Sassy South Indian

A Travel Freak and Sucker for Fashion

A Marvel called Angkor

‘Art and architecture are like creative discoveries, they speak for themselves’

At the heart of all megalith structures, lies a true and beautiful meaning behind its existence and purpose. Angkor Wat is one such architectural marvel that leaves you spell bound not just for its size but for some of the rarest representation of life a mere 1000 years ago.

Built by King Suryavarman II in the 12th century as a vast funerary temple that would hold his remains, symbolically confirming his permanent identity with Lord Vishnu – and has sculpted walls that speaks in volumes about the two incarnations of Lord Vishnu as per the Indian Mythology.

The huge structure of Angkor Wat is the best representation of classical style of Khmer architecture and ebbs an aura of divinity that can be found in religious holy shrines.

Although, it’s a challenge to find pathways at Angkor empty, one gets to see the beauty of the never ending long structure through these mega passages. The temple of angkorwat has series of arched inner temple hallways like these throughout the temple’s various levels. The stone on the sidewalls are completely covered with beautiful carvings – depicting the ancient workforms of the Mahabharatha and the Ramayana era.

The many theories of why Angkor was built?

There is not one but multiple theories as to why this megalith temple construction was considered. Let’s try and get some light onto this,as per some experts across the world – both the layout of the Angkor temples and the iconographic nature of much its sculpture, particularly the asuras (‘demons’) and devas (‘deities’) sculpted intricately on the walls of the temples are also intended to indicate the celestial phenomenon of the precession of the equinoxes and the slow transition from one astrological age to another.

Conventional theories presume the lands where Angkor stands were chosen as a settlement site because of their strategic military position and agricultural potential. Alternative scholars, however, believe the geographical location of the Angkor complex and the arrangement of its temples was based on a planet-spanning sacred geography from archaic times as per scaredsites. Using computer simulations, it has been shown that the ground plan of the Angkor complex – the terrestrial placement of its principal temples – mirrors the stars in the constellation of Draco at the time of spring equinox in 10,500 BC. While the date of this astronomical alignment is far earlier than any known construction at Angkor, it appears that its purpose was to architecturally mirror the heavens in order to assist in the harmonization of the earth and the stars.

Manifold uniqueness of Angkor

As early as 12th century the current monument was standing on what was then known as ‘Yasodharapura’ and unlike any other temples in the same area facing east – Angkor specifically is aligned to the west, giving a spectacular sunset view ! The temple complex is a representation of classical style of Khmer architecture with five central shrines , having three levels constructed at various dimensions with moats and gigantic compounds surrounding the built city complex. The western exterior or the extended compound area has forecourts of the main temple contains two libraries or smaller temple structures, which also served as ‘astronomical observatories’.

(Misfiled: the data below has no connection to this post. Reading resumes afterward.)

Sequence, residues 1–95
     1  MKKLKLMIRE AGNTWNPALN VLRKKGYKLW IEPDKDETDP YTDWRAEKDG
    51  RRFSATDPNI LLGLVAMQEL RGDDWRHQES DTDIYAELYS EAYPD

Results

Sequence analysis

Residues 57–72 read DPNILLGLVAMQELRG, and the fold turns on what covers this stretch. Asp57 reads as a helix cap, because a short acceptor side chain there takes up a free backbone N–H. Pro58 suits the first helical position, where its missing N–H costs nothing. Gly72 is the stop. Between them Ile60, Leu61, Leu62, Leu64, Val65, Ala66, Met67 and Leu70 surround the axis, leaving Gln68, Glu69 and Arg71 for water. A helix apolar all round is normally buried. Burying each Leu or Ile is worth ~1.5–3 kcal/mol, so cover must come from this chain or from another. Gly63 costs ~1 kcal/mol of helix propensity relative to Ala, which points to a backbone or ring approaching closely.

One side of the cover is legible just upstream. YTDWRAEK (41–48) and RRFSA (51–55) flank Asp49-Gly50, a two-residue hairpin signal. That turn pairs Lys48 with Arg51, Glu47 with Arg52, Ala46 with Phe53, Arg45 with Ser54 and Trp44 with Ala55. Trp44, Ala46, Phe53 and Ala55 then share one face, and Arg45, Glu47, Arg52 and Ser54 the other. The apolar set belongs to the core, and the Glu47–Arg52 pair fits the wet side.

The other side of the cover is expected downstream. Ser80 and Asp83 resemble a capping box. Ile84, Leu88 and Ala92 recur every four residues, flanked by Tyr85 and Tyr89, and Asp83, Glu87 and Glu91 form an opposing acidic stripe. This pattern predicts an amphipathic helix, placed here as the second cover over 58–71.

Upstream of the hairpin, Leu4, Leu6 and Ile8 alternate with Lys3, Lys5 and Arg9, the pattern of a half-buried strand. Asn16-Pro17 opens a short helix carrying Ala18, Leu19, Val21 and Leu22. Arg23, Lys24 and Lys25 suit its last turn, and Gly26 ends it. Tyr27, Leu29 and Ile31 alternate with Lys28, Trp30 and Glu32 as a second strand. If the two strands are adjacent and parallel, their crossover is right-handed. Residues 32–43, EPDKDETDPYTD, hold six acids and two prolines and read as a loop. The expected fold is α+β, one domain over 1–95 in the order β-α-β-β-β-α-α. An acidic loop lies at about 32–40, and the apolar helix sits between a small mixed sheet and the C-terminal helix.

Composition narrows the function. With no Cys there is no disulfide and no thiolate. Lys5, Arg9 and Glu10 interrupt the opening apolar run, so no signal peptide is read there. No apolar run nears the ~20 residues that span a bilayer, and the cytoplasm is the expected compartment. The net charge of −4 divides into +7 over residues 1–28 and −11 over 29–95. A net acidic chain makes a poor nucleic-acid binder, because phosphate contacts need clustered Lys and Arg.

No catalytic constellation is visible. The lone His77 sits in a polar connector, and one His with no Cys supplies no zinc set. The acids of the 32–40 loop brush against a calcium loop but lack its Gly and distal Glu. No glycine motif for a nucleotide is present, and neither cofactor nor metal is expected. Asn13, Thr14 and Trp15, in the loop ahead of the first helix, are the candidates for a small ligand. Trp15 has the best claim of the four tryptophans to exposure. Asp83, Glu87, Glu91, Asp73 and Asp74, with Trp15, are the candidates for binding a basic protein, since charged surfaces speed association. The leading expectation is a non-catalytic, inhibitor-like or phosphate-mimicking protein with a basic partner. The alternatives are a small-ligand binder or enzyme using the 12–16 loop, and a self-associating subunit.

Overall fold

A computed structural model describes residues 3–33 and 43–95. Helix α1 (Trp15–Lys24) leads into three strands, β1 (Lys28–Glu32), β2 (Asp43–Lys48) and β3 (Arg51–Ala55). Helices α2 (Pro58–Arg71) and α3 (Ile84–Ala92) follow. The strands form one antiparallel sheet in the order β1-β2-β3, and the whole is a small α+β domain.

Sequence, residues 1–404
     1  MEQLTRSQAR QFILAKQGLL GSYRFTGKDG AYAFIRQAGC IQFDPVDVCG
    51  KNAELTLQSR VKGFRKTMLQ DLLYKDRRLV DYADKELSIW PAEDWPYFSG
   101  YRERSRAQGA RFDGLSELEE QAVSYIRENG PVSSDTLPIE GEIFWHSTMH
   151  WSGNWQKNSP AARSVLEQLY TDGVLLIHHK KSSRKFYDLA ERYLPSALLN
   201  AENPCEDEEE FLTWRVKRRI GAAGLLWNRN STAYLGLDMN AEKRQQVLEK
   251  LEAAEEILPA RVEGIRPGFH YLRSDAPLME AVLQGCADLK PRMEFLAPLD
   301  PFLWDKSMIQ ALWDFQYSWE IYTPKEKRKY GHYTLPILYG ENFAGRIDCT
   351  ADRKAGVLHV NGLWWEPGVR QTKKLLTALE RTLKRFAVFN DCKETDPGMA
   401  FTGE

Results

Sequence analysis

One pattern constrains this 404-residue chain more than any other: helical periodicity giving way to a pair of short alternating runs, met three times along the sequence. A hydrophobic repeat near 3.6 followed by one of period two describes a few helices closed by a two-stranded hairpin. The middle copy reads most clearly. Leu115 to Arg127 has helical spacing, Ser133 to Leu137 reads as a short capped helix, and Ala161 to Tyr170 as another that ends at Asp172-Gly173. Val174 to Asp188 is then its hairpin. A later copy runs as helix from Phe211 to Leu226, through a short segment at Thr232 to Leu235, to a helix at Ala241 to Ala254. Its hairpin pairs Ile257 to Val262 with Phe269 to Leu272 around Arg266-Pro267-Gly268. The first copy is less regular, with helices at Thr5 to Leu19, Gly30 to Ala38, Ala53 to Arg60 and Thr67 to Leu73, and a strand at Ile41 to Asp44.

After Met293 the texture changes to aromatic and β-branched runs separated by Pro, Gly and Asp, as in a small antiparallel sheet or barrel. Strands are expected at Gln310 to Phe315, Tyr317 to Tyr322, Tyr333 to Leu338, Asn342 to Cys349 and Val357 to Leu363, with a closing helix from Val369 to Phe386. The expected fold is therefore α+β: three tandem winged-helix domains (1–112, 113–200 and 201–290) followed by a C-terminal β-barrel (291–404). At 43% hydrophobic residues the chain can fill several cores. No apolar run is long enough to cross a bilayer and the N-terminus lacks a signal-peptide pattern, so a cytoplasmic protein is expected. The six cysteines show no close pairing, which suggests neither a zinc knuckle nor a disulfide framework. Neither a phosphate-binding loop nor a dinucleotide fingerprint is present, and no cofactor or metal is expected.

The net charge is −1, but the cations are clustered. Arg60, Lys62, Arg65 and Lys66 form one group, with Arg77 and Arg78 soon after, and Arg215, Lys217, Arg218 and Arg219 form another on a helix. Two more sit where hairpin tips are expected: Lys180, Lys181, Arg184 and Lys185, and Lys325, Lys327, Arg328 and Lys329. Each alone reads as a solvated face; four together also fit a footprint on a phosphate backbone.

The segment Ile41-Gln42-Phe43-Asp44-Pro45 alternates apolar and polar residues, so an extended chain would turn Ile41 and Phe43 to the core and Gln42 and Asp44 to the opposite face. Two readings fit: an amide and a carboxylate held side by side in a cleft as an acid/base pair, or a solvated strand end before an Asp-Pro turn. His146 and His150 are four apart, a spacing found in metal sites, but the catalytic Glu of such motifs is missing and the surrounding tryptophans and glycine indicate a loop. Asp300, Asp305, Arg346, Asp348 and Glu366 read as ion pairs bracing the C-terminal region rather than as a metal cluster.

The Khmer’s, adhered to the Indian belief that a temple must be built according to a mathematical system in order for it to function in harmony with the universe. Distances between certain architectural elements of the temple reflect numbers related to Indian mythology and cosmology.

Orthodox archaeologists sometimes interpret the temples of the Angkor complex as tombs of megalomaniacal kings – yet in reality those kings designed and constructed the temples as a form of service to both god and their own subjects as per a few sacred sites. The temples were places not for the worship of the kings but rather for the worship of god. The sacred sanctum, is housed nearly in the middle of the last level of the temple complex and one can be enter this area only at scheduled times and in appropriate dressing as directed by the guards. A steep climb and you can see the spectacular view of the levels below. It houses large figurines mostly disfigured and some restored (possibly the main deity of those times).

The main sanctum is precisely aligned with the stars, constructed as a vast three dimensional yantras and adorned with stunningly beautiful religious art, the Angkor temples were instruments for assisting humans in their realization of the divine.

The site receives more than 2 million visitors annually during peak seasons –for Angkor Wat is a sight to behold.

Wait for my equally intriguing photo stories on Angkor Thom, the Bayon Temple complexes as well..!

Have you visited this place? Share your experience !

P.S. Please note that all information are a part of history behind the temple mythology (not mine) and the information may differ based on different perspectives and narratives as the information is a reference from various sources online. I am presenting here my understanding and perspective of the same in a condensed format to keep the blog short and interesting

You could comment below if you wish to know more in detail about any specific details/ photographs mentioned.

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